By 1971, Win Stracke could see that his hunch had paid off boutifully - and he was ready to retire from the School. Succeeding him as director was Kentucky-born Ray Tate; peerless flatpicker, gifted teacher, and all-around musical dynamo. Dean of teachers since 1965, Ray colored the Old Town School throughout the 1970s with his charm, his ability to recognize and draw out talent, his strong personality, and his eagerness to expand the School's horizons. Under Ray's direction, the School started to offer private lessons, expanded classes to every night of the week for myriad instruments, and gave numerous free faculty and student performances at institutions. The School has an entire scrapbook of thank-you letters written to Ray. Such mementos constitute part of his paper legacy - but Ray is remembered most as a consummate teacher and musician.
Ray Tate, the teacher's teacher. Ray was so enthusiastic that I bet every student in the class believed him or herself to be a protegé. Ray taught in the circular method; there wasn't a thing that didn't become a building block for the next thing taught. We got the history, the encouragement, the 'spirit' if you will, from Ray. He loved it, and it showed.
Ray had an ease with audiences; his obvious superior ability on the guitar came through as well as his skill on any other instrument he ever came across. He was dynamite at them all; piano, horn, mandolin, banjo, fiddle, bass, you name it. There was a story that wne taround the School: A student brought Ray a very peculiar instrument he had acquired at a flea market. Ray had it all tuned up before it was finally established that the device was a noodle cutter. But that about tells you how we trusted that 'good ol' boy,' who, from time to time, caused the utmost damned consternation.
It was Ray who kept the Old Town School of Folk Music on the folk music circuit long after there was no folk music circuit. Ray never missed an 'open mic' session at the Azteca, the Saddle Club, or the Bulls. He taught us how to write a tune now and then, to play with chords and harmonies, to take it all very seriously. And he taught something else to those of us who were watching; how to teach.
Like his predecessors Ray brought performers playing at the many clubs around the city into the School for impromptu concerts and jam sessions. "If special visiting artist came into town, Ray'd latch onto them to give a workshop at the School," says Ticia Perenchio, who did public relations work for the School during Ray's tenure. "So someone could take a workshop with Sam Hinton or Bryan Bowers." And former teacher Mike Dunbar adds, "Clubs like the Earl of Old Town or the Quiet Knight would send their headline acts to the School to be guests at the second half, or to play at the Saddle Club, a nearby tavern where the School hosted a weekly open stage.
I ran into Ray Tate at the old Quiet Knight in the early '70s. He told me about the School and mentioned that something called 'Paxton picking' was taught there. I was thunderstruck because, to put it mildly, I have never entertained an inflated sense of myself as a guitarist. Careful attention to my recordings has reinforced this view. I expressed disbelief; Ray insisted.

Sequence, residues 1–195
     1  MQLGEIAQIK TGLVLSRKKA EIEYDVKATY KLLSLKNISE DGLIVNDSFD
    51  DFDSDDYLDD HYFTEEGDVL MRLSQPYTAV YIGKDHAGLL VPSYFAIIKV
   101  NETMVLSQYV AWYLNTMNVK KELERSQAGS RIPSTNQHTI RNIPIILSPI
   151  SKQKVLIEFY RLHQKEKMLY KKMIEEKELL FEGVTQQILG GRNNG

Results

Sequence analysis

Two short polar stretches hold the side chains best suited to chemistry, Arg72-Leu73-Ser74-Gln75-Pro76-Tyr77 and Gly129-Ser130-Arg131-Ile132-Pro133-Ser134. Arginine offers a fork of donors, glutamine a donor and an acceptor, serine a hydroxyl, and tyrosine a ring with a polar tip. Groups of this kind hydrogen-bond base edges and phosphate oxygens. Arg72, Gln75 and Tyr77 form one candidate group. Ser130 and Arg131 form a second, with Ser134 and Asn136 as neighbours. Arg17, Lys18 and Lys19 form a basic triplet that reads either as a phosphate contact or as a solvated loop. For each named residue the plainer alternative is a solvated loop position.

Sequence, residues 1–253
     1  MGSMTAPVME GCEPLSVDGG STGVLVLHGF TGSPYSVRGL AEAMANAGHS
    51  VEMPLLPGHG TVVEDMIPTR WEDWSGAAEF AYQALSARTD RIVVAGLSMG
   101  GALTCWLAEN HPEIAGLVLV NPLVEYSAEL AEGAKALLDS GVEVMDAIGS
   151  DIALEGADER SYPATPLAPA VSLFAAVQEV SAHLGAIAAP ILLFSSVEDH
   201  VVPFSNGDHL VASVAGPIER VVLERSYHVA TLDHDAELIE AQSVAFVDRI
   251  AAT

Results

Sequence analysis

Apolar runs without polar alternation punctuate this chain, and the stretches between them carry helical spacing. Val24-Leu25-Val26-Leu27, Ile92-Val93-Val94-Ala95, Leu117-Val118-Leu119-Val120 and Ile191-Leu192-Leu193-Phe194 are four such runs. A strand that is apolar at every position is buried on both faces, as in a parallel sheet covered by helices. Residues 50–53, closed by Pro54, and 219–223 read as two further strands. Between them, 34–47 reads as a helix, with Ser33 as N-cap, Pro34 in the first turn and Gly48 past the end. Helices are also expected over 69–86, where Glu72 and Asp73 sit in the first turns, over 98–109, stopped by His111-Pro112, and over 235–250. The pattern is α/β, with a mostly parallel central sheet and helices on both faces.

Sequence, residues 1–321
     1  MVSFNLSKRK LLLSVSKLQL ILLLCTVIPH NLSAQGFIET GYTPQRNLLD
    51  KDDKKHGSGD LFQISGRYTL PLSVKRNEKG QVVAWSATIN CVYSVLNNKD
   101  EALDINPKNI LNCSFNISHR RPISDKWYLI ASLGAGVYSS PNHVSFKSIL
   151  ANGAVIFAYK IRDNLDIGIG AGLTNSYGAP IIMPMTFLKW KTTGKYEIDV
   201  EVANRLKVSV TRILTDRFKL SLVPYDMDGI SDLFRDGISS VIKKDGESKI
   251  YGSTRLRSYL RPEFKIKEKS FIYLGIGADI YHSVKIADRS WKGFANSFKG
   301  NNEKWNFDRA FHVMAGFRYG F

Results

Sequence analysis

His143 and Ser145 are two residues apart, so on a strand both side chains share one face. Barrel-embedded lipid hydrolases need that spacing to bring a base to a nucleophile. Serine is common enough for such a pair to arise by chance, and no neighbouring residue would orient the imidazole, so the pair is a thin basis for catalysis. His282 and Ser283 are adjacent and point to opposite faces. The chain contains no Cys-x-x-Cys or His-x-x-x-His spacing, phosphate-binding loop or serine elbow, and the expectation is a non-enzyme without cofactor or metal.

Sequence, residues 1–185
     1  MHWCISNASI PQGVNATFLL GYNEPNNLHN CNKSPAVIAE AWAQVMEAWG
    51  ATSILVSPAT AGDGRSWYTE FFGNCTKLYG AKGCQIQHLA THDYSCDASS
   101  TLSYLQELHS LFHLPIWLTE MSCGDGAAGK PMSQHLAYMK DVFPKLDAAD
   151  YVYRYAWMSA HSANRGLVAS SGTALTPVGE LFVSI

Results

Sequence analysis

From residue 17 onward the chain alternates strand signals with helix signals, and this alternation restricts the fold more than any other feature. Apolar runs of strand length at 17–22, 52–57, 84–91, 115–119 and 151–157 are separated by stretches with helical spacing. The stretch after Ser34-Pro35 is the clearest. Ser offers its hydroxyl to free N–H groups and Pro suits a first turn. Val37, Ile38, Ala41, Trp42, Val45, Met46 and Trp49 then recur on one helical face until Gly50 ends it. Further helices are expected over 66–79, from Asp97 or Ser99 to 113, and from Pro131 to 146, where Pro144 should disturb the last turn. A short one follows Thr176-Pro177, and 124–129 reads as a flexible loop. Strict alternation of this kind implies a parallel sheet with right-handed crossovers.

I must tell you that on every occasion in which I have ever visited the School I have searched the walls in vain for a chart explaining 'Paxton picking'! I see Dyer-Bennet arpeggios, Leadbelly licks, etc. but of my inimitable style, no sign. Perhaps it's kept under lock and key in some inner sanctum, accessible only to the more advanced students? A nagging voice whispers, 'Nah." I began to fear that Ray Tate was having a little joke with me.
I'm still wondering what 'Paxton picking is - and if I could learn to do it.
One day Leo Kottke visited an Old Town School fingerpicking class. "Leo pulled out his guitar and played a few tunes with us," Margaret Reilly recalls. "And Second Half was always fun. Broonzy Hall would be packed with guitars, banjos, fiddles, Old Town School songbooks, and people. If Ray Tate and Bill Hansen weren't blowing us away with their great guitar playing, there's be folks like Ed or Fred Holstein, Valucha, Bob Gibson, Hamilton Camp, Ginni Clemmens, or Fleming Brown stopping in for a song or two."
In May of 1973 I volunteered, as part of my senior year at Francis Parker, to work at the Old Town School. Gail Forsberg was at the desk then, and essentially I assisted her in stamping the students' cards and doing general clerical work. I'd come in bright-eyed and bushy-tailed every morning at ten and run out and get coffee for Gail and Eddie Holsteing, who was always around. At the time I was just a star-struck kid, bashfully impressed to be hanging out with a famous folksinger like Ed Holstein.
Amiss the dog was always in the store with me, up on the counter, playing with customers or with Emmy Revesz's boxer, Ariel. Ariel would howl whenever she heard harmonica. Emmy would get the biggest kick out of playing duets with Ariel every time she tested a harmonica. Another good friend of Amiss was Zeus the wonder dog, the School's mascot German Shepherd who belonged to the custodian, Cory Camallieri. Zeus's head was as big as Amiss's entire body, but the two would roll around the floor constantly, to the amusement of everyone. That was just one of the many great friendships started at the Old Town School.